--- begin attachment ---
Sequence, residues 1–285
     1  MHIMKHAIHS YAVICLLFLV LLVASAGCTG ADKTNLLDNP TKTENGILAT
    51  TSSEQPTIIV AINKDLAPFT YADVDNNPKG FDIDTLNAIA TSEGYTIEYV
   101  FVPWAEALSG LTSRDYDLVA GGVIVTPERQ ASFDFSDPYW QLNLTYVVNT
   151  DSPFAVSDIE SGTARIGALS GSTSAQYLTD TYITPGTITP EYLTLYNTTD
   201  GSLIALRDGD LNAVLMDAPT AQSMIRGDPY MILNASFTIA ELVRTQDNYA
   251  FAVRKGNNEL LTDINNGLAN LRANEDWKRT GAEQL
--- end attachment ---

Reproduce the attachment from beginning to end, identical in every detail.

Sequence, residues 1–285
     1  MHIMKHAIHS YAVICLLFLV LLVASAGCTG ADKTNLLDNP TKTENGILAT
    51  TSSEQPTIIV AINKDLAPFT YADVDNNPKG FDIDTLNAIA TSEGYTIEYV
   101  FVPWAEALSG LTSRDYDLVA GGVIVTPERQ ASFDFSDPYW QLNLTYVVNT
   151  DSPFAVSDIE SGTARIGALS GSTSAQYLTD TYITPGTITP EYLTLYNTTD
   201  GSLIALRDGD LNAVLMDAPT AQSMIRGDPY MILNASFTIA ELVRTQDNYA
   251  FAVRKGNNEL LTDINNGLAN LRANEDWKRT GAEQL